Final Words

In order to appreciate Intel’s Atom you really have to look at its roadmap. It’s much like AMD these days, today’s product may not be very impressive but its roadmap is sound. The first incarnations of Atom and the Menlow platform have failed to impress us at this point, but where they are headed has got us very excited.

In our review of the iPhone we stated the following:

The excitement around the Ultra Mobile PC (UMPC) died down because no one's hardware/software implementation was really done properly. Well folks, the iPhone is a couple generations away from being a true UMPC, it just needs some faster hardware and more storage space. There's no doubt in my mind that Intel's ultra low power x86 projects are being eyed by Apple for use in future iPhones, it's only a matter of time before we have the power of the first Centrino notebooks in our pockets.

When Apple perfected the smartphone UI it made its performance shortcomings even more obvious. Having a slow CPU in a smartphone isn’t as noticeable if the UI itself isn’t particularly responsive or quick to use, it’s just like being bottlenecked by a slow hard disk - you don’t notice a slow CPU as much in those cases. But when Apple fixed the UI side of things, the slow performance of its ARM CPU became more obvious as you’re able to interact much quicker with your phone.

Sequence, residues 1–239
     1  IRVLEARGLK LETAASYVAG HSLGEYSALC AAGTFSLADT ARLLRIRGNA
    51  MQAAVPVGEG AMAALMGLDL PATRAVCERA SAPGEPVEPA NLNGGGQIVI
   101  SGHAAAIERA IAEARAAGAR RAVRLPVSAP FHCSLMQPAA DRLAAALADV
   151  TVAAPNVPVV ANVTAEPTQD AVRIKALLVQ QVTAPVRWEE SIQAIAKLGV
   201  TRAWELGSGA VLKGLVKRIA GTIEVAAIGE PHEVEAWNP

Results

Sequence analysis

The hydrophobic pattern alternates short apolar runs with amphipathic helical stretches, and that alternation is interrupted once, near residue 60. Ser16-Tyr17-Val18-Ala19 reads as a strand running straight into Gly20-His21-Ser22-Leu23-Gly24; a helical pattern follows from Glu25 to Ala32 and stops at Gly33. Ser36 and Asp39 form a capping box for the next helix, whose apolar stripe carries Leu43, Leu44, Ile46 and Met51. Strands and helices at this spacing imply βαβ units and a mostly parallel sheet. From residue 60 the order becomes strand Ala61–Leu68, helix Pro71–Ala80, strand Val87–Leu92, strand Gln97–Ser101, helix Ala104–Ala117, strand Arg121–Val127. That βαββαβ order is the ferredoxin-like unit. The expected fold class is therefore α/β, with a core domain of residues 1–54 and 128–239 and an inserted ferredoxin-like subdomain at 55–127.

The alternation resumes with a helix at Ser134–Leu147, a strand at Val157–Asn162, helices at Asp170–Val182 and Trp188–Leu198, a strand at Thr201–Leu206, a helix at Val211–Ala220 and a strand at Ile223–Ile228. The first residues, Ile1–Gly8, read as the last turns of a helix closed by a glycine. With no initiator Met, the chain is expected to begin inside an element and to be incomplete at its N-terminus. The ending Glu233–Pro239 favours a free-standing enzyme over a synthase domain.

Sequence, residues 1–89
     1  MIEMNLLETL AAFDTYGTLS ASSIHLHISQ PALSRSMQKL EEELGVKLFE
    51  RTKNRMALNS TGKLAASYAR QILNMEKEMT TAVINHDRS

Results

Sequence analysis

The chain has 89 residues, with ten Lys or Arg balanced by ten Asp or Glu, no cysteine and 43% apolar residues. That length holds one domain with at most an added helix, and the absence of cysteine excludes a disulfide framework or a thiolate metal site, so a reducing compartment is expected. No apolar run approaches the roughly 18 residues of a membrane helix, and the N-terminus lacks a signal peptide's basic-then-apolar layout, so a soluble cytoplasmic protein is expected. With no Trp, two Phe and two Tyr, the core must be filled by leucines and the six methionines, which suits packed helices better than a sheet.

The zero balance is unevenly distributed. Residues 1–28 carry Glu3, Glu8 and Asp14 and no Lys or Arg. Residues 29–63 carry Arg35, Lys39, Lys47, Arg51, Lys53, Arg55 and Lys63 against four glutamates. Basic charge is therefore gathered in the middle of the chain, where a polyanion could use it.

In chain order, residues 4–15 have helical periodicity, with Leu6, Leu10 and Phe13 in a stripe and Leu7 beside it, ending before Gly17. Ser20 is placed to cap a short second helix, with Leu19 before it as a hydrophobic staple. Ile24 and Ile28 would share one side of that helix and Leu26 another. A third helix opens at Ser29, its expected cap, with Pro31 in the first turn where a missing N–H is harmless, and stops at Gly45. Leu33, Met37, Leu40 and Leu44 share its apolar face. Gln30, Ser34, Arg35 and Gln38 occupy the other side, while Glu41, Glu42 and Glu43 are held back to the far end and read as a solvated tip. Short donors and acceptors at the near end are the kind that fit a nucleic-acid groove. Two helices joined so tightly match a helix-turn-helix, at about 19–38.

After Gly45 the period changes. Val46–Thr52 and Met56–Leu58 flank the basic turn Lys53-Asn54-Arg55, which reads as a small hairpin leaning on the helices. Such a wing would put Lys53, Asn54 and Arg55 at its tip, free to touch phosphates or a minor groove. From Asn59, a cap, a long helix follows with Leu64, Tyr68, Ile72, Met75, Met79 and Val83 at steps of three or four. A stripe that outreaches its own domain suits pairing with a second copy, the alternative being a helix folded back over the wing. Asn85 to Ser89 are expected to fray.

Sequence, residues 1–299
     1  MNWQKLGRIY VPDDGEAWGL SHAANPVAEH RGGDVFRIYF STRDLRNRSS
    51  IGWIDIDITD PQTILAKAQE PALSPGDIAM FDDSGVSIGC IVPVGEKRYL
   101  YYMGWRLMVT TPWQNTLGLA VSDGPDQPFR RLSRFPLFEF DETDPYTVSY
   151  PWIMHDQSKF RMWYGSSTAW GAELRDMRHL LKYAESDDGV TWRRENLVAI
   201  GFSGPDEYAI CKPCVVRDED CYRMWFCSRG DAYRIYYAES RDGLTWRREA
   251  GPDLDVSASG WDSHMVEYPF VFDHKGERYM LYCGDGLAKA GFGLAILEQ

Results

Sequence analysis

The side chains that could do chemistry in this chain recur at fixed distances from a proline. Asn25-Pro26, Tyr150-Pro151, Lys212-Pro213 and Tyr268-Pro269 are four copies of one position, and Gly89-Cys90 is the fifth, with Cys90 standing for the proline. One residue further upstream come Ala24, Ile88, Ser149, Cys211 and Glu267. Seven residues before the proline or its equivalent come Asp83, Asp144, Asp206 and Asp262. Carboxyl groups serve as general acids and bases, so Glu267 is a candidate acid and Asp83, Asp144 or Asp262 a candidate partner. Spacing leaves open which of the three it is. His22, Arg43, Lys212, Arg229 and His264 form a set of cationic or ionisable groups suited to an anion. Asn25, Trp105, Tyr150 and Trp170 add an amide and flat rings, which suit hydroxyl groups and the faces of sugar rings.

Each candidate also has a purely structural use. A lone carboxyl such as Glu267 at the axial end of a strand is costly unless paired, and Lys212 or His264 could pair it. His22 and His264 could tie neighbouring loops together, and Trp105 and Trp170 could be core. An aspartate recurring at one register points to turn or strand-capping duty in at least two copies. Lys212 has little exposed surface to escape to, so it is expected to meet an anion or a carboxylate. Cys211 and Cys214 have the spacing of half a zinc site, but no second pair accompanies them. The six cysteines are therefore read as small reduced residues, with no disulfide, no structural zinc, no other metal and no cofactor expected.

Intel’s only leg to stand on with Menlow is performance, an area where it does have an advantage over competing ARM processors. However, it can’t yet compete based on power consumption. Through use of Moore’s law allowing for better integration of silicon and smaller, less power hungry transistors, Intel hopes to be at power-parity with ARM (both idle and active) within the next 3 or so years - all while being significantly faster, at least for the next 5.

Intel is effectively promising that in the coming years its Atom processor will enable you to, without sacrificing battery life, have significantly faster mobile devices and phones. We can’t help but be excited about that.

The Moorestown Update: Atom in Smartphones


View All Comments

  • Gholam - Friday, March 07, 2008 - link

    Intel had working samples of integrated CPU+GPU 9 years ago, but the cancelled the project. Google "Intel Timna". Reply
  • PrinceGaz - Friday, March 07, 2008 - link

    It is a big market, and a small step afterwards to CPU+GPU+chipset in one package. A single chip and cheap simple mobo offering will have the likes of Dell chomping at the bit.

    We might have the likes of GeForce 8800 cards, but the money is made in the integrated markets, especially for corporate purchases.

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